No other state’s constitution or labor laws are like Illinois’ – broadly allowing government unions to override statutes simply by negotiating contrary provisions into collective bargaining agreements. Illinois may not be alone for long.View Report
As Illinois elected leaders continue to delay action on pension reform, a broad and bipartisan coalition has succeeded in pushing for reforms to public employee benefits in New Mexico.
Illinois Gov. J.B. Pritzker previously floated a pension plan that included pawning-off state assets, taking on more high-interest debt and reducing pension funding before walking back the plan amid criticism. Here’s a real solution.
Lawmakers can currently work one day to qualify for a whole month’s pay. A bill to change that has been stuck in committee since the spring.
More than 25% of state revenue already goes to pensions and retiree health care, but Illinois would need to double that to fully fund promised benefits at current levels.
For the second time, Arizona voters approved a constitutional amendment allowing changes to unearned future pension benefits.
Former lawmakers receive generous benefits from the state’s worst-run retirement fund.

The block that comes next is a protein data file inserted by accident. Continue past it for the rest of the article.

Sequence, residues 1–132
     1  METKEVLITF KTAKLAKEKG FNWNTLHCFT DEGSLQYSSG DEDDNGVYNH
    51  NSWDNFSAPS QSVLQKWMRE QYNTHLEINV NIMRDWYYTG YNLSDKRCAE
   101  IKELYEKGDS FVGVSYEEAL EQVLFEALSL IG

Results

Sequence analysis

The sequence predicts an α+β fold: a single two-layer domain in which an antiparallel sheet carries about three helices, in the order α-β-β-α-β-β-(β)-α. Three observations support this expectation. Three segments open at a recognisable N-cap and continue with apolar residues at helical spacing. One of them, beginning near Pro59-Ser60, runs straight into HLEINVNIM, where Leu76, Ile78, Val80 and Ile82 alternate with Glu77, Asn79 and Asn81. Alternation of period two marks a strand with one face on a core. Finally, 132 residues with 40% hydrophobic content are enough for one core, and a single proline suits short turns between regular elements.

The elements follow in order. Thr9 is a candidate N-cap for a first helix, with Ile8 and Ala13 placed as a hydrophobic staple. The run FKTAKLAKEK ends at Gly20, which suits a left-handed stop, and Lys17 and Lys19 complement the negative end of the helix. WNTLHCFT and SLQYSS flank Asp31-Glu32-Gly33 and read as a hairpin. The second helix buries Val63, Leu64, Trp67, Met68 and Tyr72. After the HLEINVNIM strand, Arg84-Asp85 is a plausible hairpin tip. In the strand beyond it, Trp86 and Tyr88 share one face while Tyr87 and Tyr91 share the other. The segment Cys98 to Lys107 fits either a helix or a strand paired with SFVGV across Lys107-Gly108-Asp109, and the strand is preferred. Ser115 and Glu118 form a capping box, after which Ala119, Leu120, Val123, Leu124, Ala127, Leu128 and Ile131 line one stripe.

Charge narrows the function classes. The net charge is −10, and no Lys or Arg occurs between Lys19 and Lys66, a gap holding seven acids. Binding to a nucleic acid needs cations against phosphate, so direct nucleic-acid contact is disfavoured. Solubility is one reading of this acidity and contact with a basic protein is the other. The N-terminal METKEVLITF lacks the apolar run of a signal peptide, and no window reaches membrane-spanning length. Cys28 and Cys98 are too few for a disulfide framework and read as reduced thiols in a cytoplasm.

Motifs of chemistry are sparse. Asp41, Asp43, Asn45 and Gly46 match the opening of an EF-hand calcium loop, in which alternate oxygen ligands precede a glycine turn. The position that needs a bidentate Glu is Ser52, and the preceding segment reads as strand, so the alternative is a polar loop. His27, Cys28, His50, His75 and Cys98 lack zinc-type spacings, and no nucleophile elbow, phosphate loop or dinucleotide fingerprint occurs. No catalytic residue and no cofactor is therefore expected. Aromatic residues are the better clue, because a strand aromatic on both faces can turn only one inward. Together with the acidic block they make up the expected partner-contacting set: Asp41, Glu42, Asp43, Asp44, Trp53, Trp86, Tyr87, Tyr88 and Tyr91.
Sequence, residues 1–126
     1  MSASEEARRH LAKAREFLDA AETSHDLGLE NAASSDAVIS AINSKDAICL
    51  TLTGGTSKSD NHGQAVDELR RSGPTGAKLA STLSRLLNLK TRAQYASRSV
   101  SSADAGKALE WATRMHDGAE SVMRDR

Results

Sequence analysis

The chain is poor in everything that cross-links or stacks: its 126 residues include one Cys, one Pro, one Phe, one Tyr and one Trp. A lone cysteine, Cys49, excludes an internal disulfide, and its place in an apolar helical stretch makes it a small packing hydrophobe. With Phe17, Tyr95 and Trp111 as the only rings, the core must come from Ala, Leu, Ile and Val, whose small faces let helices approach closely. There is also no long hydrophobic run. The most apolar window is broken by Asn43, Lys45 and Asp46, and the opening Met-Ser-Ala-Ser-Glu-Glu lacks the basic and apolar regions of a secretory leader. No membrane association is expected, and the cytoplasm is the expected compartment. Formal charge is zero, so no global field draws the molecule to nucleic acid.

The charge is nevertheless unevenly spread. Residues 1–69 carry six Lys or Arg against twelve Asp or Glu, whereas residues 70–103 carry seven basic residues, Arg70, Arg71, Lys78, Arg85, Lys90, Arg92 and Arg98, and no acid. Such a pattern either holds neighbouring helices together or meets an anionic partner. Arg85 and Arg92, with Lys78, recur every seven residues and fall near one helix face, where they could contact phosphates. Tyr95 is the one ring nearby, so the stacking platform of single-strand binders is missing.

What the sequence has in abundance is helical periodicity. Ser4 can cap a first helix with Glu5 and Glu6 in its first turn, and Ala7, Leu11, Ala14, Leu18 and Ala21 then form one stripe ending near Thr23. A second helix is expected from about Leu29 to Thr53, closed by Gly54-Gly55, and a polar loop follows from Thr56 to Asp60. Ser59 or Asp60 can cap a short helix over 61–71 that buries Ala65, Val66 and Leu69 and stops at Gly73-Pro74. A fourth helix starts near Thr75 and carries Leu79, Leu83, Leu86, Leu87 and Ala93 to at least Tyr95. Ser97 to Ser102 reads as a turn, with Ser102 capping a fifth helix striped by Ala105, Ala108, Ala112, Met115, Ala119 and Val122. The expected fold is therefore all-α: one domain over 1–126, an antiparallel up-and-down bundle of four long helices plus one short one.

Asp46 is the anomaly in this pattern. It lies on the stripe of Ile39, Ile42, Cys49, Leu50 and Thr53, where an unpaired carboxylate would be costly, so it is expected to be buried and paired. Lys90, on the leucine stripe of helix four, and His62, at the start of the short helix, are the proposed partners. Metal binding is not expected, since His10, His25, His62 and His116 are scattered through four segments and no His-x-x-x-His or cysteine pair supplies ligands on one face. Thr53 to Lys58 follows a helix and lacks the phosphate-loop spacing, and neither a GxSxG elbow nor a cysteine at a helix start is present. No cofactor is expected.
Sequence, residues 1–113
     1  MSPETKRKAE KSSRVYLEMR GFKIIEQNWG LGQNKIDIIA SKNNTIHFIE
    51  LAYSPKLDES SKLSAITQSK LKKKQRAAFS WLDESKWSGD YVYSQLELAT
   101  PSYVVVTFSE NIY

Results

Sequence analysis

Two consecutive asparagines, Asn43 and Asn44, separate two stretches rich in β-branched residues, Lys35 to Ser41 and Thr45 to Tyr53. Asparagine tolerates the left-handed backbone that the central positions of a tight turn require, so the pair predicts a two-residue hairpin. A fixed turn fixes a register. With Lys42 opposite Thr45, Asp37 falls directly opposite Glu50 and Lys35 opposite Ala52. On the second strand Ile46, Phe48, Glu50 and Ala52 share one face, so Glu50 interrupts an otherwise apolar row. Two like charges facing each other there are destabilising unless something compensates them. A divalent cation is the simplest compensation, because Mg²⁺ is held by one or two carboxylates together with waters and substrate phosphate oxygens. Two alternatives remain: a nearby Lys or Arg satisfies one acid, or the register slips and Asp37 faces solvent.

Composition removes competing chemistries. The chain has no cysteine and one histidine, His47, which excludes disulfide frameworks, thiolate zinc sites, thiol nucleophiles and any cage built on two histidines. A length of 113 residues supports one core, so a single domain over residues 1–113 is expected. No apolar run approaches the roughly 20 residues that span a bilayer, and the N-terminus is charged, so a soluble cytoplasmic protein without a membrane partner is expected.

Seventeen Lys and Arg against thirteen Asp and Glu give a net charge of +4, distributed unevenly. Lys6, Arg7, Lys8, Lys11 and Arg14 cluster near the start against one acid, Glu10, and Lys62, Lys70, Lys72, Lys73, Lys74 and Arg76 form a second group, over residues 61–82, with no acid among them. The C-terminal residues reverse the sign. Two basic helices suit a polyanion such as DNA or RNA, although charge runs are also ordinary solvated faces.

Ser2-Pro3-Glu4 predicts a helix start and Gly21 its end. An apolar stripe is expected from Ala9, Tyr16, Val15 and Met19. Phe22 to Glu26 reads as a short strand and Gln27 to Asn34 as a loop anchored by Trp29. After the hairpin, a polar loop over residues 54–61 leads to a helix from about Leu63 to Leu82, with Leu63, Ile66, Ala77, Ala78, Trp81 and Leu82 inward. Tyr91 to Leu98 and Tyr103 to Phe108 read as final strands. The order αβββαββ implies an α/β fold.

House Bill 5760 would stop lawmakers’ scheduled cost-of-living adjustment. Illinois lawmakers are the fifth-highest paid state lawmakers in the nation.
The ruling will likely mean higher taxes for Chicagoans.
The plaintiffs in the SB 1 case are asking the court to do something extraordinary: to hold, in effect, that pension benefits should receive stronger protection than any other type of constitutional right.
There’s immense pressure on Illinois legislators to pass a pension bill. With the state pension system nearing insolvency and credit agencies warning of further downgrades, the perceived wisdom is that any pension fix, no matter how small, is a “step forward” that must be passed. But when it comes to pension reform in Illinois, that...